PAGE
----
It reached me as an afterglow. We were walking on a cliff-edge path when a faint light glimmered at the corner of my eye. I stopped and looked down on the sea for a while, reluctantly accepting that it must have been the sparkling roll of a wave that I’d seen, a crest of bright water. I’d taken a few more steps along the path when I saw it again, fleetingly, like a vague memory dredged from the depths. Watching the sea more closely this time, I looked for disruptions in its undulating rhythms. But nothing other than sunlight played on the vast surface of the Black Sea. From seventy meters up, at the top of red sandstone cliffs, the sea was spread out in a shimmering blue glaze, brimming with polished light after the early-morning storms. Whatever I’d seen had subsided, gone back to its secret depths.
I was turning to join the others again when I saw an unmistakable shudder close to shore, a rippled undertow of motion. And I was still holding my breath when the silver arch of a dolphin broke the surface and caught the sun on its flukes. I must have yelled out because suddenly people were around me, my friends pointing joyfully toward the waves, and a few French tourists asking what all the excitement was about. Another dolphin leapt clear of the water, then two of them in perfect synchronicity. They climbed into the air, passing with graceful ease from one medium to the next, dragging sprays of water like silver harnesses from their tandem tails. They seemed suspended in an enduring moment, balanced on a high wire slung above the sea. Water droplets sloped from their sides like shards of light.
About a dozen bottle-nosed dolphins made up the pod. They crested the surface of the sea with their beaks, playfully nudging the lid of their world, and occasionally scribing arcs in the air. I later realised how time had dissolved while we watched the dolphins. Past and future, and all the weight they carry, had folded into one clear, immeasurable moment. Everything else had fallen away, brushed off like a scattering of crumbs. I was aware of feeling an ineffable joy, and lightness of being. Some days outlive others – they are lit differently in memory when recollected, brushed with an intensity that seems to suspend the customary passage of time. This was such a day. As the dolphins moved further out to sea, we watched them breaching in the distance like a range of receding hills.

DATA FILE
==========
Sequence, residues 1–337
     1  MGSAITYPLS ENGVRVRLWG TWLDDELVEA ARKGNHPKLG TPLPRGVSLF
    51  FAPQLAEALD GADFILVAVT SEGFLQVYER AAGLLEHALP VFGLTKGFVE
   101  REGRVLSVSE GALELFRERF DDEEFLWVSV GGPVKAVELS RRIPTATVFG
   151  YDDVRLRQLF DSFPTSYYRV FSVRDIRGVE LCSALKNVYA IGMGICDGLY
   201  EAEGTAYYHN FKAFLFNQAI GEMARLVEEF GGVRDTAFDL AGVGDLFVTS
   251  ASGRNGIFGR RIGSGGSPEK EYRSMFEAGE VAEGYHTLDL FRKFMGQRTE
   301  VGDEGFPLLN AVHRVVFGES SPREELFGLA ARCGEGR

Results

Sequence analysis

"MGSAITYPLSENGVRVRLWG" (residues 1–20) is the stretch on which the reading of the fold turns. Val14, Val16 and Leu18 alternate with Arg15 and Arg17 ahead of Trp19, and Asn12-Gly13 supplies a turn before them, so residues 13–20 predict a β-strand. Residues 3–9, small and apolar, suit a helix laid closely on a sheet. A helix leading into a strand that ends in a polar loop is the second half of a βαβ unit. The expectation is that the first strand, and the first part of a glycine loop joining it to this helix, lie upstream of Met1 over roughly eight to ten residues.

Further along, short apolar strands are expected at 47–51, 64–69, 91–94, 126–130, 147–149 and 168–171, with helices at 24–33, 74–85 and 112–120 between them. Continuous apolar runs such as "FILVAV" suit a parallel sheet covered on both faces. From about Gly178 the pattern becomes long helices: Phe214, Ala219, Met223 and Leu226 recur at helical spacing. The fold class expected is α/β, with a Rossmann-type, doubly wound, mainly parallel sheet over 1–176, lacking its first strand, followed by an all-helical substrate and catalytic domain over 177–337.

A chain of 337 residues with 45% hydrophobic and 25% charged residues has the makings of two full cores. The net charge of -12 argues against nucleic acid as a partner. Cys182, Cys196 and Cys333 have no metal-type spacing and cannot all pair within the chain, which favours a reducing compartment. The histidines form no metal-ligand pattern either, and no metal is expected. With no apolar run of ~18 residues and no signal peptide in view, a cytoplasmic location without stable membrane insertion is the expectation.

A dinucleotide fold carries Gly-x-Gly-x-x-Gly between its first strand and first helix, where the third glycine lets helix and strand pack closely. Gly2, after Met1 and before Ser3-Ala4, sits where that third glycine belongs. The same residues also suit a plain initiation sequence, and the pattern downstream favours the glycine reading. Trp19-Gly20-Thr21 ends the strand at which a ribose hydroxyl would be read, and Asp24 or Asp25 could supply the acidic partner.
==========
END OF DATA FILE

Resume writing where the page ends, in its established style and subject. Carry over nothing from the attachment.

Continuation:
* * *
I’m delighted to be hitting the road in a few days time on behalf of The Small Heart of Things and thought I’d post this short excerpt from one of the book’s essays, ‘An Accumulation of Light.’ Along with events at the AWP conference in Seattle between February 26-March 1st, I’ll be reading at the following places:
February 27th, Terrain.org reading, Seattle, WA
March 4th, Russell Books, Victoria, BC
March 5th, Elliott Bay Book Company, Seattle, WA
March 7th, Grass, Roots, Books & Music, Corvallis, OR
March 10th, The Booksmith, San Francisco, CA
March 11th, Books Inc., Mountain View, CA
March 14th, Books Inc., Berkeley, CA
March 15th, Point Reyes Books, Pt. Reyes Station, CA
If there are any readers of Notes from Near and Far in the places I’ll be visiting, it would be a great pleasure to meet up. Or if you know of anyone who would be interested in attending one of the readings and book signings for The Small Heart of Things, I’d be deeply grateful if you could share the news. Full details of these and other events, including times and bookstore links, can be found on this events page. Many thanks, and looking forward to meeting a few readers along the way and exploring a new part of the world!